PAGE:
The trouble with Inspiration

plagiarimsAs some of you might have seen I was not sure what to write about in this week’s writer’s tips blog, so I took to social networking to help me decide. The choices were an entry about inspirations, or about character writing outside of your comfort zone.  And there were a few more people interested in hearing about inspiration.  Actually a few writers were curious about the concept of the turbulence that Inspiration can cause.  And that sounds like a lot of fun to write about, so that’s where we are.  And for those who chimed in for interest on Writing outside your comfort level, I’ll be focusing in on that really soon.  And those comments also changed my initial idea.  I really like the conversations and I might try for feedback more often.  Plus  H.H. Neville gave me another topic that might be getting some focus not soon after.   Speaking of inspiration!

I think we all know what inspiration is.  It comes from many fonts and eddies in our minds.  They can sometimes be accidental and often were not even sure where they come from, and our minds spin out of control like a train wreck we can’t look away from.  Of course then there are other times when our inspiration speaks to us in a much more lucid way.  When we see a concept in a film, tv show, video game, novel or what not that spawn this appetite to make it our own, be it for critique, deconstruction or just because it seems fun.  Not matter how inspiration hits, or why we drink it up like fine wine the truth remains that there is always a dividing line between too much or too little.  But how do we manage ourselves to fall in line to create something unique or all our own, when most of the things that pop into our head are birthed by the concepts of other things.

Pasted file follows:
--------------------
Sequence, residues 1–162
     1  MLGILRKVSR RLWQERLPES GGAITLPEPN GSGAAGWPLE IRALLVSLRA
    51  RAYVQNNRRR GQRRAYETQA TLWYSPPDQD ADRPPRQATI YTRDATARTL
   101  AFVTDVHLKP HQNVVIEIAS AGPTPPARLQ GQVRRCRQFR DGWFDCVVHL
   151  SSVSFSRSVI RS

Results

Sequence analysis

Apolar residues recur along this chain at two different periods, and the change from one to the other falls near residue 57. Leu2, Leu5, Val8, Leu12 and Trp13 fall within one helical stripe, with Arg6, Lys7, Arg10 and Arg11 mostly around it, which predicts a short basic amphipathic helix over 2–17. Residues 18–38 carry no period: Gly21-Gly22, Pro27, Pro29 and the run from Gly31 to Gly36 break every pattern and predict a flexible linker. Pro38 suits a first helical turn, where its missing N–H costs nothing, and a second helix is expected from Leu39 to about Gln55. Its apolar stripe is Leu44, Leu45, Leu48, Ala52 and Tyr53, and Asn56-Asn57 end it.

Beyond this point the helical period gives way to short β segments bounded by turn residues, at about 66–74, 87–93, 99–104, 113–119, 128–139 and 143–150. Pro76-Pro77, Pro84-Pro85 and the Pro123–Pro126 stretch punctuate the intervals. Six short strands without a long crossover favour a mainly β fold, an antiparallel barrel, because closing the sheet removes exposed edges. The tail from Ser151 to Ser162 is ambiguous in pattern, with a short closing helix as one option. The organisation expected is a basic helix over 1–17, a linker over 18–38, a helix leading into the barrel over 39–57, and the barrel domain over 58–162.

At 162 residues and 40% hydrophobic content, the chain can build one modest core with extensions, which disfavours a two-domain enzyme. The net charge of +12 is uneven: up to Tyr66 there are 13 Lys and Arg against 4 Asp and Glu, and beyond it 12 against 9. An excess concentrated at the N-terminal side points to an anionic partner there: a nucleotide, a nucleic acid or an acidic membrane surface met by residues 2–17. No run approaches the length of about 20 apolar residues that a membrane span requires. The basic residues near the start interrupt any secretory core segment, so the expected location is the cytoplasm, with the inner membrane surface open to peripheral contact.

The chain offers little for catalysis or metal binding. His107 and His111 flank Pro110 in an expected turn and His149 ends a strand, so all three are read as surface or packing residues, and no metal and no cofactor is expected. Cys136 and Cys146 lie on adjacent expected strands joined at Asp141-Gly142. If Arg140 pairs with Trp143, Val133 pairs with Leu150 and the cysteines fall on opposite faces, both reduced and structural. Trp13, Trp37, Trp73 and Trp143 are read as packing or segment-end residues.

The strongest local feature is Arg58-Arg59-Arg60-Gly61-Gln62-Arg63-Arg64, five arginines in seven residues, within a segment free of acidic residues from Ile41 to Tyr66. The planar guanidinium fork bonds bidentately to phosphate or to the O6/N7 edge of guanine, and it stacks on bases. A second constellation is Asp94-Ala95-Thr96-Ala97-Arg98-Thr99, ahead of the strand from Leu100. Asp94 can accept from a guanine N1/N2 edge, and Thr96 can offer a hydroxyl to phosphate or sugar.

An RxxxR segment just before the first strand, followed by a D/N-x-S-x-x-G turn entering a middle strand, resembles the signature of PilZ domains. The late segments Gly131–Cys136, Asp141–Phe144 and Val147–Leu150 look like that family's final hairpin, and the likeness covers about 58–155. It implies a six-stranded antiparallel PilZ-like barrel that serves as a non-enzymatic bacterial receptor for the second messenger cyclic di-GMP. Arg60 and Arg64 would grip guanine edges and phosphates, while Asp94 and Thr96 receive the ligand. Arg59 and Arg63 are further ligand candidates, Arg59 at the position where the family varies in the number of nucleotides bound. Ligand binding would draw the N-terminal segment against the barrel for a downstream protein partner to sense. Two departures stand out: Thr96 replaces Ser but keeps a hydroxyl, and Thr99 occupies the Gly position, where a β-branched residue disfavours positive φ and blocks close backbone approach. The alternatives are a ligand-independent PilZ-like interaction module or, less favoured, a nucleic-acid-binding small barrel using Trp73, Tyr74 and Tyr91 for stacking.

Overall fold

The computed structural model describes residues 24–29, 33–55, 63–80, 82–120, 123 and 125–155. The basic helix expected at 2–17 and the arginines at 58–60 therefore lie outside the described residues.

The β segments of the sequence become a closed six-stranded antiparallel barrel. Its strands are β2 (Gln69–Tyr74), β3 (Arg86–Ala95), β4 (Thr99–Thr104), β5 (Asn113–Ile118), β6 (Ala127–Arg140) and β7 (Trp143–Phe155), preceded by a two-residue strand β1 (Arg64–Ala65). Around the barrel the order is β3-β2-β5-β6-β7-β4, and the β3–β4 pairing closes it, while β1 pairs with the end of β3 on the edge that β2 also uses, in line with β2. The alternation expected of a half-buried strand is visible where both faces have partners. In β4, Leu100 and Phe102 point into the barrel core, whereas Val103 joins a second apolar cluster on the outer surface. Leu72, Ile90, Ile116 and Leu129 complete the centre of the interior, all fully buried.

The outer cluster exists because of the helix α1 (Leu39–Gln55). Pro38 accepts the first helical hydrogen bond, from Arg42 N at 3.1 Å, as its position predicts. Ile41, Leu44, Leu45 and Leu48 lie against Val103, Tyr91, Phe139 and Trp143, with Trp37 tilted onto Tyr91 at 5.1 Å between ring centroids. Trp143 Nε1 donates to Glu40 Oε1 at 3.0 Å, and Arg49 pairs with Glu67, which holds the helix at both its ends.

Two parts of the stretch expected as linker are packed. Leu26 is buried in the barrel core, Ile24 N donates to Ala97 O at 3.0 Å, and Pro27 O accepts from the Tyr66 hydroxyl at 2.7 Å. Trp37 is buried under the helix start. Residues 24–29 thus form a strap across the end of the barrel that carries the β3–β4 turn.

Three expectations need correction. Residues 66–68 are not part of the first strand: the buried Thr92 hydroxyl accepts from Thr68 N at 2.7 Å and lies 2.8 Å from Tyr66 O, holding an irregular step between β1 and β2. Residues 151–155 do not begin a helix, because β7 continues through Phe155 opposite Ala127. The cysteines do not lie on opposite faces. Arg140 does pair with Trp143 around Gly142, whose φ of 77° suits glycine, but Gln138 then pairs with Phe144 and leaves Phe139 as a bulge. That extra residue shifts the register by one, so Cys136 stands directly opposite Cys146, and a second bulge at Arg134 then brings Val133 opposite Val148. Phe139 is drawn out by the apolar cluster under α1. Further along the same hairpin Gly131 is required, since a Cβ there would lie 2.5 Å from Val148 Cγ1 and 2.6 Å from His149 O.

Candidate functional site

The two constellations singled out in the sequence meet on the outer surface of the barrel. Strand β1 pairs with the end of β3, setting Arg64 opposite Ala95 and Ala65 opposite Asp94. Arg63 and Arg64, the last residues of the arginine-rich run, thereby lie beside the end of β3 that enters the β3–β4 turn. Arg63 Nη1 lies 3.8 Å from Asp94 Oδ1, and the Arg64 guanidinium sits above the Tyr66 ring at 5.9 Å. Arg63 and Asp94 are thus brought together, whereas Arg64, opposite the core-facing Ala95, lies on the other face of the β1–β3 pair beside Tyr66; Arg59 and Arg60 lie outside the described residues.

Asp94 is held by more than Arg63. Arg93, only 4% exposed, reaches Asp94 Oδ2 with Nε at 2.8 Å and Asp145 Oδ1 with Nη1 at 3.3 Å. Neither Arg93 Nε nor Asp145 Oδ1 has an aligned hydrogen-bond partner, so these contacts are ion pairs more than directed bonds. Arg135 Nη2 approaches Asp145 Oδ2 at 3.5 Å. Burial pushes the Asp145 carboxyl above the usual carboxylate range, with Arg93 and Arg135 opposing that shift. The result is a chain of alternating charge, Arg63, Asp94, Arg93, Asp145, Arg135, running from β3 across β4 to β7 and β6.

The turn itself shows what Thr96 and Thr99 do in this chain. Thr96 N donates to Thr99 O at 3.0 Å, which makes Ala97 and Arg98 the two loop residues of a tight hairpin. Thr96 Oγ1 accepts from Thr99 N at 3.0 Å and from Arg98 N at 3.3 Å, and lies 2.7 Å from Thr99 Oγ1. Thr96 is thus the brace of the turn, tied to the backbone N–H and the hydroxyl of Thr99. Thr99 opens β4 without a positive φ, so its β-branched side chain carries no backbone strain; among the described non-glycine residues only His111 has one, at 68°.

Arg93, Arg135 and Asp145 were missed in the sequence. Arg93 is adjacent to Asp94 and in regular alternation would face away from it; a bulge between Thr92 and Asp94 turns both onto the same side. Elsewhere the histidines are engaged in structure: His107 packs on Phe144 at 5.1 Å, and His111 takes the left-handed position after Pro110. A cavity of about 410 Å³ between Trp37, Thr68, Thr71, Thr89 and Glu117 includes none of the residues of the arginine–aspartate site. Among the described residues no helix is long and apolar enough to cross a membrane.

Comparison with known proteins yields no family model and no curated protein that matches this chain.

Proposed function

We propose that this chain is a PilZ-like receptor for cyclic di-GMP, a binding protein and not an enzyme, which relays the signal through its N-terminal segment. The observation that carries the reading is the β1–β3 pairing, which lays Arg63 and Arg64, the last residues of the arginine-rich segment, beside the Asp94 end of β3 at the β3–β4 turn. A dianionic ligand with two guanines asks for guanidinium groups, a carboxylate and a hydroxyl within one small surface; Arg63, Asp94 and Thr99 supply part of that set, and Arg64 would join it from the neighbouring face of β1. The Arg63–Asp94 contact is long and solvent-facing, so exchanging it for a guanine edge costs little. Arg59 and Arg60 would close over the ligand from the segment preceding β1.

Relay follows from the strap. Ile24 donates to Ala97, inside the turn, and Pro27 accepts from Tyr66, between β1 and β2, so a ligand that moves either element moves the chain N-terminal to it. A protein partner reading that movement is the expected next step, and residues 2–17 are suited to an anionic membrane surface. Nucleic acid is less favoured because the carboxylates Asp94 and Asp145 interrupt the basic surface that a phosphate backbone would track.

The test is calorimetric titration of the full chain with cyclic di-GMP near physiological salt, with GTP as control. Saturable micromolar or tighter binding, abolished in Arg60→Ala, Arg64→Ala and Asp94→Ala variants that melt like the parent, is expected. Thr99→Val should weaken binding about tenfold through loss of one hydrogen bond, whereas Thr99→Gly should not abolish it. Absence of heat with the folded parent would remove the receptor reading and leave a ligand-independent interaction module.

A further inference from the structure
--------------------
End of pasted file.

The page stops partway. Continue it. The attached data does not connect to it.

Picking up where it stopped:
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About the Voice

Silhouettes!

Silhouettes!

One of the more famous paraphrases in cartooning is one that Matt Groening of the Simpson’s fame made.  It’s about how you can gauge the strength of your character design by being able to distinguish your characters even from a silhouette.  That is to say even with no details just the shape of the character should make its identity known.  I’ve

always liked that concept.  And though I can’t say that all my character designs have stood up to the silhouette test that bit of advice is always in the back of my mind.

Of course as writers we don’t have a silhouette test.  We’re not a visual medium, so unless you’re a weirdo like me who draws all the characters in a novel for fun, there is not a ‘character design’ as there is in visual media.  Granted this could be greatly debated.  As many an author spends more time thinking about how a character looks and moves than his or her political leanings.  But, even still we don’t have the same kind of silhouette sort of deal that Groening referred to on the writing page.  Though I do feel we have a similar track to gauge when we go about developing characters.

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